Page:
LONDON, ENGLAND — Britain’s Royal Mail will be coming up soon with a special stamp that will depict music icon and former Beatle Paul McCartney.
This was learned from an announcement by the Royal Mail which disclosed that the 18-time Grammy awardee will appear in a special set of 12 stamps that will be issued soon.
Eight of the stamps will show images of the singer-songwriter’s album covers while the remaining four will feature McCartney while working on music.
“Paul McCartney remains a vital figure at the center of rock and pop—an artist whose legacy is immense, but whose work continues to generate popular attention and critical acclaim,” David Gold of the Royal Mail noted.
“This dedicated stamp issue is a fitting tribute to one of the UK’s much loved and revered musical icons,” Gold added.
It maybe recalled that prior to him being featured in special stamps, McCartney unveiled his plans to publish what he described “as close to an autobiography . . . as may ever come”.
Entitled The Lyrics, McCartney’s delving into prose is a deep dive into his life, based on conversations he had with the Irish prize-winning poet Paul Muldoon.
The literary piece will be a two-volume, 900-plus page ‘self-portrait in 154 songs’, set to be released on November 2 the current year.
According to publisher Allen Lane, it will be “a kaleidoscopic rather than chronological account” of McCartney’s life and will cover the musician’s earliest boyhood compositions—he wrote his first song at 14—through the Beatles catalog to Wings, solo albums, and his present life. The book will cover “the circumstances in which they were written, the people and places that inspired them, and what (McCartney) thinks of them now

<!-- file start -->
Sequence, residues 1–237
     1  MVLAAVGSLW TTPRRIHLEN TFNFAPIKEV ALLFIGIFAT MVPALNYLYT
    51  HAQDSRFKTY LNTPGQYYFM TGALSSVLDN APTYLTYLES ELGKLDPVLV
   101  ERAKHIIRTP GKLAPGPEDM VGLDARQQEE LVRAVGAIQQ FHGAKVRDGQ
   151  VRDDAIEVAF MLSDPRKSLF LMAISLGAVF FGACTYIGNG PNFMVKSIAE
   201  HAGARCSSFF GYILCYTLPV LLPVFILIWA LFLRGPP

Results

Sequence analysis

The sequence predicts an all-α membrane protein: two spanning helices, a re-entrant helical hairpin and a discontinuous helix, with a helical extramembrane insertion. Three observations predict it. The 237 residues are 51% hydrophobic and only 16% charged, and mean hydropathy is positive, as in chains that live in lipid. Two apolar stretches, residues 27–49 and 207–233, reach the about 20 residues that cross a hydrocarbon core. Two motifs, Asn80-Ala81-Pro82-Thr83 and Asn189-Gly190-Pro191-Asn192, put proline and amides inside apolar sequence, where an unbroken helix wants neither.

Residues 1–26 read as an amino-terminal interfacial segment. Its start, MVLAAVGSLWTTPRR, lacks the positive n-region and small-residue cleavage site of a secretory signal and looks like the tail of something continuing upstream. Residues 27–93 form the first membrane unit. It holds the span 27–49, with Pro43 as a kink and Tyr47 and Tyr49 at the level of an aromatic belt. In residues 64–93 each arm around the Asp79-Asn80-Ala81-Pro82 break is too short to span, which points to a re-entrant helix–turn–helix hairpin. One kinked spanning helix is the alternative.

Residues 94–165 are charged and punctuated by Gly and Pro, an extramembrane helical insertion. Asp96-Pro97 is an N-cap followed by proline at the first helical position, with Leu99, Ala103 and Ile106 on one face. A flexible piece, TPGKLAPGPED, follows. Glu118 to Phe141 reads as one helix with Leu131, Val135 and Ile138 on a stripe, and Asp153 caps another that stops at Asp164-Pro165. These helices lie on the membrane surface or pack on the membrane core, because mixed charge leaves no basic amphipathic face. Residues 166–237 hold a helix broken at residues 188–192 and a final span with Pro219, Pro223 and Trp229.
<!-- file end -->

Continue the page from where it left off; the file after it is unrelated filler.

McCartney said: “More often than I can count I’ve been asked if I would write an autobiography, but the time has never been right. The one thing I’ve always managed to do, whether at home or on the road, is to write new songs.
“Some people, when they get to a certain age, they like to go to a diary to recall day-to-day events from the past, but I have no such notebooks. What I do have are my songs, hundreds of them, which I’ve learned serve much the same purpose. And these songs span my entire life,” he continued.
Muldoon, the Pulitzer prize-winning Irish poet edited the book: “Sir Paul and I met regularly over a period of five years for two or three-hour sessions in which we talked in a very intensive way about the background to a half dozen songs.”
“In a strange way, our process mimicked the afternoon sessions he had with John Lennon when they wrote for the Beatles. We were determined never to leave the room without something interesting,” he enthused.
In ending, Muldoon admitted that he was “struck again and again by what you might term Paul McCartney’s ‘scholarly’ disposition.”
(Sourced from the Web by T. Cabrera/AI/MTVN)